Doris argues that our choices are heavily influenced by forces that we wouldn’t count as genuine reasons. This unsettling conclusion is motivated by a debunking argument so wide-ranging that it isn’t foisted upon us by the sciences. Doris sometimes seems to lower his ambitions when offering instead a skeptical hypothesis argument, but that conflicts with his aims in the book.
Experimental philosophy is a new and somewhat controversial method of philosophical inquiry in which philosophers conduct experiments in order to shed light on issues of philosophical interest. This typically involves surveying ordinary people to find out their "intuitions" (roughly, pre-theoretical judgments) about hypothetical cases important to philosophical theorizing. The controversy surrounding this methodology arises largely because it departs from more traditional ways of doing philosophy. Moreover, some of its practitioners have used it to argue that the more traditional methods are (...) flawed. In Experimental Philosophy, Joshua Knobe and Shaun Nichols are set with the task of introducing readers to this burgeoning field by putting together a collection of some of its most important articles. Given how controversial it has become, this is a heavy burden. I'm happy to say that they have put together a valuable collection that serves as a diplomatic introduction to this exciting new style of research. (shrink)
A Very Bad Wizard is a collection of delightful interviews or conversations conducted by philosopher Tamler Sommers. Sommers interviews an array of researchers--from psychologists to primatologists to philosophers--who all have one thing in common: their work has direct implications for the study of morality. The distinguished interviewees are Galen Strawson, Philip Zimabrdo, Franz De Waal, Michael Ruse, Joseph Henrich, Joshua Greene, Liane Young, Jonathan Haidt, Stephen Stich, and William Ian Miller. I read the book on my flights back to the (...) West Coast after picking it up a few days prior in Massachusetts. I simply couldn't put it down! It truly is--as Steven Pinker states in his blurb--both thought-provoking and entertaining. It is a lively way into some of the most fascinating interdisciplinary research on ethics--what often now goes under the heading "moral psychology.". (shrink)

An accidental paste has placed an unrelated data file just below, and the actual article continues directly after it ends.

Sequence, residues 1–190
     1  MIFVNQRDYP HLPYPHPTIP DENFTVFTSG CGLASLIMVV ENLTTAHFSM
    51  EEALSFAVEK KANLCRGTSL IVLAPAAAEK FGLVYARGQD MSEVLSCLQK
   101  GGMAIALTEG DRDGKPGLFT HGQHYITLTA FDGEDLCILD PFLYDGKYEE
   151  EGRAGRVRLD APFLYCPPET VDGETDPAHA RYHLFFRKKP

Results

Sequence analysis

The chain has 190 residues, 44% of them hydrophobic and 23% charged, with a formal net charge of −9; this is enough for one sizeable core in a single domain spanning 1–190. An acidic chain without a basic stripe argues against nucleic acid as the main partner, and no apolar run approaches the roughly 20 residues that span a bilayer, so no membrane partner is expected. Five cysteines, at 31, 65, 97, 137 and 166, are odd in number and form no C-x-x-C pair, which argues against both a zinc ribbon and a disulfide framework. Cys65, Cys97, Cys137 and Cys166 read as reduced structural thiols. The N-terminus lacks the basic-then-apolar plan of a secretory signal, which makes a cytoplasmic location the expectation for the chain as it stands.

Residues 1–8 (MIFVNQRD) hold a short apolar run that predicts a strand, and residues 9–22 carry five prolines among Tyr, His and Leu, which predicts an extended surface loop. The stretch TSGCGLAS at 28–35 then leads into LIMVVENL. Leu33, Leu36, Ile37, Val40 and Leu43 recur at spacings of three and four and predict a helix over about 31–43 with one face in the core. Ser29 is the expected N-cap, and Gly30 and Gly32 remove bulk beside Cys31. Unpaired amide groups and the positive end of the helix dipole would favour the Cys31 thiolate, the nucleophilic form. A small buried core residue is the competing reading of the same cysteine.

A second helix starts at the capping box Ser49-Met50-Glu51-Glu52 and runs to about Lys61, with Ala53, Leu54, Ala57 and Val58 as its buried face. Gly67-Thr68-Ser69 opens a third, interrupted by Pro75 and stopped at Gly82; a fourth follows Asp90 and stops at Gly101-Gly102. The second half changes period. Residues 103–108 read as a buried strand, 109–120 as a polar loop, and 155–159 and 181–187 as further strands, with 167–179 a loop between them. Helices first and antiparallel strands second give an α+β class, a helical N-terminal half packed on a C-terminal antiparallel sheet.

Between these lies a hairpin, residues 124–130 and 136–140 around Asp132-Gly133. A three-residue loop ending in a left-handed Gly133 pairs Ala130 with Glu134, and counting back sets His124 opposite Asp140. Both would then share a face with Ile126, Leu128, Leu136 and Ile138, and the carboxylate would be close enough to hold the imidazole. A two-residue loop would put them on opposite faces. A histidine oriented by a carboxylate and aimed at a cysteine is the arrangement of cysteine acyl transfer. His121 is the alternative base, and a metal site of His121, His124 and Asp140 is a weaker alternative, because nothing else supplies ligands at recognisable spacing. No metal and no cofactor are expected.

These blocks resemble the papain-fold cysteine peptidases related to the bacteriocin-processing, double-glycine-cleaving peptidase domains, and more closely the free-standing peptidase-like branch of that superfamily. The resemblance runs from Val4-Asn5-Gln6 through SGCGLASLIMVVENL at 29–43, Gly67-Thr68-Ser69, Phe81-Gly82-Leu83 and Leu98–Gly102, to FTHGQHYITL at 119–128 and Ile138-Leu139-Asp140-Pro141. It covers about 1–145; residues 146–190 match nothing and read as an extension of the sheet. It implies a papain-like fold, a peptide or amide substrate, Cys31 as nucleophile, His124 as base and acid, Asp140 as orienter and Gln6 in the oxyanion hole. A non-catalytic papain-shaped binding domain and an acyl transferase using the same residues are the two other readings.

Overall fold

In an all too familiar part of our lives, we are sometimes strongly tempted to do things we think we shouldn’t do. Consider the burning desire to eat one of the donuts your coworker brought to work while you are on a diet. Often times we surrender to temptation. But sometimes we fight the urges and refrain—we exhibit will-power. Much of our ordinary thinking involves reference to “the will” in this sort of way. Yet for quite some time many contemporary (...) philosophers have avoided talk of the will in their accounts of human action. This is largely because the will was thought to be a mysterious and superfluous thing—a ghostly cog in psychological theory that serves no explanatory purpose. However, there is a growing trend in philosophy that is bringing back talk of the will. Willing, Wanting, Waiting is, refreshingly, part of that trend. Holton develops a unique account of the will and related phenomena that is both empirically informed and philosophically rigorous in a way that is accessible to an interdisciplinary audience. (shrink)
The scientific study of moral thought and action is flourishing, even if still in its infancy. In his recent book, Just Babies, Paul Bloom provides a valuable contribution to this movement with a focus on, well, infants (and other young children). I anxiously awaited this next installment from one of my favorite psychologists, and it met my high expectations. This should be unsurprising given the quality of his other books that popularize fascinating research on the mind, including Descartes' Baby and (...) How Pleasure Works. (shrink)